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  • Web Publication of Papers

    Like many conferences, the recent XVth Congress of the
    International Society of Biomechanics (Jyvaskyla, Finland) included
    an assortment of excellent keynote and award lectures. These ISB
    presentations have traditionally been collected as papers published
    in the Journal of Biomechanics (usually with a delay of about 1.5
    years from the time of presentation).

    At the ISB general meeting in Jyvaskyla, David Winter raised a
    question about such papers: they are usually review papers dealing
    with several or even a lifetime of research projects and don't fit
    the typical model for "original articles . . . entailing an
    exploration of some explicit hypothesis or reporting original but
    substantial observations of data" (J. Biomechanics instructions to
    contributors).

    Winter's question about the written format of such review papers
    and the nature of the peer review of them raised some important
    issues which the biomechanics community might contribute to. I
    personally find listening to such presentations to be a wonderful
    way to update my understanding of general biomechanical topics.
    Part of the attractiveness of such reviews is that they are very
    current but also can impart a sense of history about the scientific
    endeavor.

    With the above as preface, I would like to raise a question for
    discussion:

    Is it time for the ISB to move to other media for
    "publication" of papers of general interest to the
    biomechanics community?

    Would electronic publication of keynote lectures using hypertext on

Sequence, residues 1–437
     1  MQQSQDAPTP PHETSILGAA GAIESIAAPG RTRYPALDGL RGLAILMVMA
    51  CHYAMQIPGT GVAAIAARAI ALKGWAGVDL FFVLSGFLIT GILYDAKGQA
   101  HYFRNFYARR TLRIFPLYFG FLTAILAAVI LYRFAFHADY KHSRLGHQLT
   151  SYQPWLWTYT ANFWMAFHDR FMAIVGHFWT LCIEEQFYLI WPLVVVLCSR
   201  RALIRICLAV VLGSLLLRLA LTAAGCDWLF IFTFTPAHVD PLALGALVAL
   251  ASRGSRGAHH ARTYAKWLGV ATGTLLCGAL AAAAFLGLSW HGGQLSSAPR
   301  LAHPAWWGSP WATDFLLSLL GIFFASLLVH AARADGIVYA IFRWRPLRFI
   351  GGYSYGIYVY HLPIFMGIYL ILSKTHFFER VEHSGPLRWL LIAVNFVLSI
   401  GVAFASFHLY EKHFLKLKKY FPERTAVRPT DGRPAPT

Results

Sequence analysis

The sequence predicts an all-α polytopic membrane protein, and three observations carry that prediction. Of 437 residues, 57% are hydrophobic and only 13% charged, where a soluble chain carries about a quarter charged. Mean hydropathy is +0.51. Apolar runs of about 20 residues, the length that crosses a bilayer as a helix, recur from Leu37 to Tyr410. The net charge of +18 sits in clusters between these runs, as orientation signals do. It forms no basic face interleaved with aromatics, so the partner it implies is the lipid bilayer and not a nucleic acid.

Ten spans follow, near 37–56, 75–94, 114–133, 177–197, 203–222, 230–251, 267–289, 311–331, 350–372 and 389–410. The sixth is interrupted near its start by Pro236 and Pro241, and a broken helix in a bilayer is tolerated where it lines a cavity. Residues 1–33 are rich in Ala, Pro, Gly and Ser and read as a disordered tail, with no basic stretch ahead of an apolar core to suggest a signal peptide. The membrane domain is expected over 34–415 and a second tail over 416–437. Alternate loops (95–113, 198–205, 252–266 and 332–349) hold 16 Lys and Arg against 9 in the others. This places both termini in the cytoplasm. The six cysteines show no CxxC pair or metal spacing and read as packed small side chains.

the web perhaps provide a better service to the biomechanics
    community than does the relatively slow process of traditional
    print publication. In addition, "publishing" such papers on the
    web would allow multimedia presentation--including video or sound
    clips where relevant. For example, Stuart McGill's
    videofluoroscopy recording of a low back injury actually happening
    could be included as a visual supplement to the text describing his
    work.

    My impression is that the hypermedia format could perhaps retain
    more of the interactive feel of the live presentations and could be
    available in a more timely manner than can traditional print
    publication. How do others view this idea? What are the costs/
    benefits of changing to a more interactive form of publication for
    papers of general interest to the biomechanics community?

    Regards,

    Gerald Smith
    Biomechanics Lab
    Oregon State University

    email: smithg@ccmail.orst.edu
    phone: 503-737-5928
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